The Philanthropy Roundtable mourns the passing of Randolph Richardson—a decorated WWII veteran, serial entrepreneur, philanthropist, and patriot dedicated to strengthening liberty at home and abroad.
In 1944, right out of high school, Richardson joined General Patton’s Third Army. Serving as a rifleman, machine gunner, mortar gunner, interpreter, and squad leader, he was among the grunts who turned the tide of the German offensive and won the Battle of the Bulge, suffering frostbite in the process. At one point he delivered a baby in the combat theater, though his entire knowledge of obstetrics, all gleaned from movies, was that he had to boil water. Mother and child survived. Boiling came in handy when he found he could cook “liberated” chicken in his steel helmet—until the black scorch marks on his winter-white headgear earned him the wrath of his sergeant.
After the German surrender, Richardson’s unit helped block Soviet advances in Czechoslovakia, an experience which would shape his future anti-communist views. He witnessed Soviet trucks shooting down “defectors” on roads teaming with traumatized refugees. To force entry into the American sector during these persecutions Soviet soldiers would fire warnings at American sentries. Richardson’s commander ended that practice by standing sentry duty himself without insignia. As some Russians were about to loose a burst of bullets around his feet, the officer pointed out hidden howitzers targeting the Soviet trucks and threated to blow them off the road. The lives of many refugees were saved that day and Richardson learned a lesson about what it takes to stop thuggery that he would never forget.
Having helped liberate Western Europe, liberating Eastern Europe now became his new mission. But he would do so by way of returning home, getting his education, and pursuing various business ventures. His growing interest in ideas and intellectual and political movements was reflected in his co-founding, in 1964, of the Conservative Book Club.
As head of the Smith Richardson Foundation from 1973 to 1993, he strategically seeded funding to free market, pro-democratic, and anti-communist efforts at home and abroad. His foundation assisted Eastern European dissidents including the Andrei Sakharov family, Alexander Solzhenitsyn's wife, the Czech-born playwright Tom Stoppard, and leaders of Poland’s Solidarity movement.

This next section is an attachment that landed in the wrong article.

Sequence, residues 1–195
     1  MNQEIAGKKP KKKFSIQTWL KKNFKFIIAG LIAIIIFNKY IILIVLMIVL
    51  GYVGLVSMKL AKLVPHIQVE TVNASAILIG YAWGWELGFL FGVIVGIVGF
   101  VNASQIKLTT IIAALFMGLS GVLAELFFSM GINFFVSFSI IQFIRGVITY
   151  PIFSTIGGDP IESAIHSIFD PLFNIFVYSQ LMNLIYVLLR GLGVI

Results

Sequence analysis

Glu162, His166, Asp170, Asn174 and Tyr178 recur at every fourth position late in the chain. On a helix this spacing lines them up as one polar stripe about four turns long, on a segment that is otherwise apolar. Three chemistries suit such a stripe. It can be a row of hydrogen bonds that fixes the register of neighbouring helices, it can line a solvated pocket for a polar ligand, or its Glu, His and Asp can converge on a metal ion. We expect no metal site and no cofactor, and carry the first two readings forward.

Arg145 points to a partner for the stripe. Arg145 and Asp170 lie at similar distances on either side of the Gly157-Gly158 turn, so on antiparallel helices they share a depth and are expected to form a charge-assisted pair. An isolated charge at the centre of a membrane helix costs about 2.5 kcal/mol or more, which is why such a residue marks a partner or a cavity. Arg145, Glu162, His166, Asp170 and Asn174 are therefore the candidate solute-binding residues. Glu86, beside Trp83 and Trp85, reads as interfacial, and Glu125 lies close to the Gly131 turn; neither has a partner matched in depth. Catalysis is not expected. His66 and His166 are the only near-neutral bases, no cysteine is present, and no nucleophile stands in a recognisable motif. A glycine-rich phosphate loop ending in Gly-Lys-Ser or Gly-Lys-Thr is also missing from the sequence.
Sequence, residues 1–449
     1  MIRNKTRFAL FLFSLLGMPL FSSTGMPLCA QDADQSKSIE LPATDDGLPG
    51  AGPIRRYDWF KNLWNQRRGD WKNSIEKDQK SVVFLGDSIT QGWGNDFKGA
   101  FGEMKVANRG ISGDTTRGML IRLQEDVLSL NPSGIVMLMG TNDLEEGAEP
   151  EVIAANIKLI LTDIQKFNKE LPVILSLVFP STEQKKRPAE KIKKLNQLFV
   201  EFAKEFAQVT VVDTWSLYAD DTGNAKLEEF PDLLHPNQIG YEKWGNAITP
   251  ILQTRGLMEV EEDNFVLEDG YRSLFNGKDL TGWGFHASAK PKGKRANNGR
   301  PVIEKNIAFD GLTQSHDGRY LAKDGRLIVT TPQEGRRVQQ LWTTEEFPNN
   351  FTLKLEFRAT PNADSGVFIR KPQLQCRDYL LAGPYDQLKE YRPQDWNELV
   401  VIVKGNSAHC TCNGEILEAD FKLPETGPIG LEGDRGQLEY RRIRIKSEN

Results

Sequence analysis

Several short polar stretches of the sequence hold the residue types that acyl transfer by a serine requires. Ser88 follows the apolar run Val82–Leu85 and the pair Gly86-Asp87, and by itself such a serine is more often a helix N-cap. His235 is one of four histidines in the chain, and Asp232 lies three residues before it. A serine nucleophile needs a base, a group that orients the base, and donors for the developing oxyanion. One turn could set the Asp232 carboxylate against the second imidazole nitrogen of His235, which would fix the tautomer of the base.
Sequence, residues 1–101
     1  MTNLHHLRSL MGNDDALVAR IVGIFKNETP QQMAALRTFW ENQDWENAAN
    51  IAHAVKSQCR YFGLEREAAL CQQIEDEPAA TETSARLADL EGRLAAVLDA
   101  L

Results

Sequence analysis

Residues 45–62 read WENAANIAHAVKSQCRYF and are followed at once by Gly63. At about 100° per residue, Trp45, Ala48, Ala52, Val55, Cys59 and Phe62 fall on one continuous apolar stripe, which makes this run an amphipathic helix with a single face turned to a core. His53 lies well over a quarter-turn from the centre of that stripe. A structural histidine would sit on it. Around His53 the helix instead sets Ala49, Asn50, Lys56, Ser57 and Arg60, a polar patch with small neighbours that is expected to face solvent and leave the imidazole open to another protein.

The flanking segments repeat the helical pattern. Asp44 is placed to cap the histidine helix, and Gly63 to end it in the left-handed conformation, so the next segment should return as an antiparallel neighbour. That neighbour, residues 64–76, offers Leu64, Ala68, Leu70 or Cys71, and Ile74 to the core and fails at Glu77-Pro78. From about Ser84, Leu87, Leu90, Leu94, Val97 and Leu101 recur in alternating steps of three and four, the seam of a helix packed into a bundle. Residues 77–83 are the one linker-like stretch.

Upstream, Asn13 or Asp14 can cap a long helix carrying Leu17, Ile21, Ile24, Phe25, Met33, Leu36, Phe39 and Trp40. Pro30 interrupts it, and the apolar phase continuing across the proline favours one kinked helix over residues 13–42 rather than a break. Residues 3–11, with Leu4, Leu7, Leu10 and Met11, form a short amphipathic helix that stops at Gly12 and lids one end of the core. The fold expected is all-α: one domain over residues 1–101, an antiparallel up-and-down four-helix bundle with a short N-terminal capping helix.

Under Richardson’s direction, the foundation supported think tanks like the Manhattan Institute and the Foreign Policy Research Institute, and academic programs like the Federalist Society, the Law and Economics Center, the National Humanities Center, and courses on governance and policy at Harvard.
Having co-founded a television syndication company in the 1960s, Richardson knew the importance of the media. He encouraged the free exchange of information in repressive societies by supporting Radio Marti broadcasts into Cuba, funding transmission towers and programming for Radio Free Europe and Radio Liberty, even supporting bodyguards and a bullet-proof car for Peruvian economist Hernando de Soto when his prescription of market liberalizations for poor countries brought him death threats.
At home, he guided Smith Richardson to support publications like the Public Interest, the American Spectator, the National Interest, and the New Criterion, as well as books such as Jeane Kirkpatrick’s Dictatorships and Double Standards, George Gilder’s Wealth and Poverty, Jude Wanninski’s The Way the World Works, Michael Novak’s The Spirit of Democratic Capitalism, and early research by economist Michael Boskin. His foundation contributed to television productions like Milton Friedman’s “Free to Choose.”
Randy Richardson also gave money and time to disease research, to parks, and to local institutions. He loved boating, and built several vessels with his children, who survive him: Heather Higgins, Rod Richardson, and Catharine Macdonald. The bemedaled G.I. passed away on Memorial Day 2015, a true servant of his country.